2020 marks 75 years since Auschwitz, one of the Holocaust’s most notorious concentration and extermination camps, was liberated by the Soviet Army. In honor of the lives lost and countless cruelties those persecuted faced, artist Daan Roosegaarde has designed an illuminated, traveling memorial.
LEVENSLICHT, created by the Dutch artist’s social design lab Studio Roosegaarde, focuses squarely on the Holocaust’s history in the Netherlands. A temporary monument, it is made up of 104,000 illuminated blue stones, which together resemble bioluminescent algae in the deep sea. LEVENSLICHT translates to “light of life.”
Many of Studio Roosegaarde’s projects play with light and color, like its green, energy-conscious windmills and artificial rainbow railway station. (According to the Studio Roosegaarde website: “From an early age Roosegaarde has been driven by nature’s gifts such as luminous fireflies or jellyfishes.”)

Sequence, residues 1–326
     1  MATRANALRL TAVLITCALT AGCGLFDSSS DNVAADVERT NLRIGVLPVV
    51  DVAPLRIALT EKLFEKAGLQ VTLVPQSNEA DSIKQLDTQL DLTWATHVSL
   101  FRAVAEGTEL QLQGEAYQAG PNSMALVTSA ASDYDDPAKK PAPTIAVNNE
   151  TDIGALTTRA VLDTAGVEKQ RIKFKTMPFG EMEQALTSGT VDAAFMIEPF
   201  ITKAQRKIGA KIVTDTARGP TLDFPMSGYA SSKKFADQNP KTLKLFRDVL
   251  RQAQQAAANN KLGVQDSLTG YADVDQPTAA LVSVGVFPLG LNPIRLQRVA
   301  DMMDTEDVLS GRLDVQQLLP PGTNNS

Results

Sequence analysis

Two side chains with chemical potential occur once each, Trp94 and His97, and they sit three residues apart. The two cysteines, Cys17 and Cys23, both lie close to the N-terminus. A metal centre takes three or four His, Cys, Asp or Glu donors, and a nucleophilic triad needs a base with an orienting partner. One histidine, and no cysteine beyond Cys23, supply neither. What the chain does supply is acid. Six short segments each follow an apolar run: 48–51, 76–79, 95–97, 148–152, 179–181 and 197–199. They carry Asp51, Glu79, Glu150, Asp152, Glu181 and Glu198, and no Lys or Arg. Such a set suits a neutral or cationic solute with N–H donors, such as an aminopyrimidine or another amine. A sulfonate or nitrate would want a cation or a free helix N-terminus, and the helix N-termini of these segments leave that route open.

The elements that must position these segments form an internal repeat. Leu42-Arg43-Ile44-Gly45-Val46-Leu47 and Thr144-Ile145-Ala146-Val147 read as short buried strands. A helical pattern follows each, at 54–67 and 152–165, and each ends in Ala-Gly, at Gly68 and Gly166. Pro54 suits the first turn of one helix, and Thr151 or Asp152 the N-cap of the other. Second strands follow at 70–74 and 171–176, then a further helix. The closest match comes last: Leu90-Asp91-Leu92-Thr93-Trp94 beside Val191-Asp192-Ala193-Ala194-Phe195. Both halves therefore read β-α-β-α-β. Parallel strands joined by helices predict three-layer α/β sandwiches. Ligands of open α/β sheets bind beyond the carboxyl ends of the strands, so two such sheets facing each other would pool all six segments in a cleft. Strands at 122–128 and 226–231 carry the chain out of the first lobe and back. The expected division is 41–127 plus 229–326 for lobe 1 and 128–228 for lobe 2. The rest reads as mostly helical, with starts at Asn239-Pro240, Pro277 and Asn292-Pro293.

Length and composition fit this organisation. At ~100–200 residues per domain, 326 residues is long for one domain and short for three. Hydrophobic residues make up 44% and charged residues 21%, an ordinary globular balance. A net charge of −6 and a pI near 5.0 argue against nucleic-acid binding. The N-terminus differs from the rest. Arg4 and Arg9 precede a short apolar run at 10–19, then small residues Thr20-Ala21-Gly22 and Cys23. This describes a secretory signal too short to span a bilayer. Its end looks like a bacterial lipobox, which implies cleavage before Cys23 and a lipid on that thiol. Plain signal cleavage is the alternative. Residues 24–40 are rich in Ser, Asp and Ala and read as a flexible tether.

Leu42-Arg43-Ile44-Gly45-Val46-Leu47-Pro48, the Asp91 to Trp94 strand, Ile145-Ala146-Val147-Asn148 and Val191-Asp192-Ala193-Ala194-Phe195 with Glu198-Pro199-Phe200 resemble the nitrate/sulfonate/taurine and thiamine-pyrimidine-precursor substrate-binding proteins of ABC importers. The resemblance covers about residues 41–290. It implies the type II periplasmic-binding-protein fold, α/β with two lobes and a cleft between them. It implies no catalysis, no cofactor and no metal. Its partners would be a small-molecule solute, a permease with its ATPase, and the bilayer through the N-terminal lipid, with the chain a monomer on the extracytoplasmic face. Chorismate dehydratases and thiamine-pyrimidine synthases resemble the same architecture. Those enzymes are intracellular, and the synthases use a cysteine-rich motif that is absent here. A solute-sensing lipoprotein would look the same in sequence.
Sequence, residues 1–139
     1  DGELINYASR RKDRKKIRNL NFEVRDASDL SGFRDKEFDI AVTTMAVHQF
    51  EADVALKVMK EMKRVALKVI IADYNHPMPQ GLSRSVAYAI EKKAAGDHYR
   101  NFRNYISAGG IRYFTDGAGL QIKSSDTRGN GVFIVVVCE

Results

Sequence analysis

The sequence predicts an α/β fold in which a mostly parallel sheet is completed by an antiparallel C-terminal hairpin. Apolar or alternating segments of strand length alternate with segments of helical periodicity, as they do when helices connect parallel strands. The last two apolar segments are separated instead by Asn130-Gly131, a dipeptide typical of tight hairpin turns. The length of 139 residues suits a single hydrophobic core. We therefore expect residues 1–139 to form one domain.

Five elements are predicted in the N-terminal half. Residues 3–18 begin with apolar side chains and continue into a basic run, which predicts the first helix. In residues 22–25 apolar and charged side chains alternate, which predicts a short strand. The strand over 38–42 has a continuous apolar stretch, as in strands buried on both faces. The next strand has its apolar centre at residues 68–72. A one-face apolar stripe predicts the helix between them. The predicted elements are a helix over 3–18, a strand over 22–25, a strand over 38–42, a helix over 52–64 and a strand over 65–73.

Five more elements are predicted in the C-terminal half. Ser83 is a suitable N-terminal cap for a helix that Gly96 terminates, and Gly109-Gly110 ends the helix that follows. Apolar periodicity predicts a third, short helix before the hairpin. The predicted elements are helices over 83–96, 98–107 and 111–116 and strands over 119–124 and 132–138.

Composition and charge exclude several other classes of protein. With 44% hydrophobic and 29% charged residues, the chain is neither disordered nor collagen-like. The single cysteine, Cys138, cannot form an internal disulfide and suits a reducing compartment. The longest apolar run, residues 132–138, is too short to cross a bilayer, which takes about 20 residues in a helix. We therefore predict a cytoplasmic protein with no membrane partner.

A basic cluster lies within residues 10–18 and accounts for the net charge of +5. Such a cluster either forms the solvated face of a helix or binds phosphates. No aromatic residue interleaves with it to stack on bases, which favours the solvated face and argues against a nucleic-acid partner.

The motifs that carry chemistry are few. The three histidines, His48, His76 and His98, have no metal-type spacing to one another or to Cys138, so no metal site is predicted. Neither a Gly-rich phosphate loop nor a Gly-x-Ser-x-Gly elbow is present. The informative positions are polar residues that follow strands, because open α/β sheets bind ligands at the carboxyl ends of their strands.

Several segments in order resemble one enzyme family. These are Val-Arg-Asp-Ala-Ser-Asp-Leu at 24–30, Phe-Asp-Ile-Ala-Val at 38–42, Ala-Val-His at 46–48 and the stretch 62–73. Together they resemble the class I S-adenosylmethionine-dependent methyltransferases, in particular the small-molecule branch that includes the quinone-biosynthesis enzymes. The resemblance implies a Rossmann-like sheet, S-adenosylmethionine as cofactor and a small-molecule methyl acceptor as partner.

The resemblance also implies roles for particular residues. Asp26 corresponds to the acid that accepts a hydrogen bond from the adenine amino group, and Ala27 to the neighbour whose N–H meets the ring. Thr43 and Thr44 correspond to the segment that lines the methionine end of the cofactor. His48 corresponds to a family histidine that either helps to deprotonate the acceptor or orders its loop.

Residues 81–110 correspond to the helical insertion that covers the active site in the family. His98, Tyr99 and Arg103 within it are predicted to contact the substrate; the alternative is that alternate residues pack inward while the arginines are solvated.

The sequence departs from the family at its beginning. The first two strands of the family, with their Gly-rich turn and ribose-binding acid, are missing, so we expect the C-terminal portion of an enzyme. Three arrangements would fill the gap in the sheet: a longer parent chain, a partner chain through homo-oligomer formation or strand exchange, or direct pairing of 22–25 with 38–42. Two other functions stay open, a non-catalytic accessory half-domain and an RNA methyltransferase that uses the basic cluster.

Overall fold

The stones are designed to represent the 104,000 Jewish, Roma, and Sinti victims who were persecuted and murdered throughout the Netherlands. Each one honors the deceased in lieu of flowers, and they were designed (with the help of custom software) to absorb fluorescent pigments and light up when exposed to ultraviolet light, impossible to see with the naked eye. They radiate blue, turn dark, and turn blue again: a symbol of hope, perseverance, and freedom.
The memorial was first unveiled in full in Rotterdam on January 16, along the banks of the Maas River—the site of many locals’ deportation. Miniature versions of the larger design will spend the next few weeks exhibited across 170 different Dutch municipalities.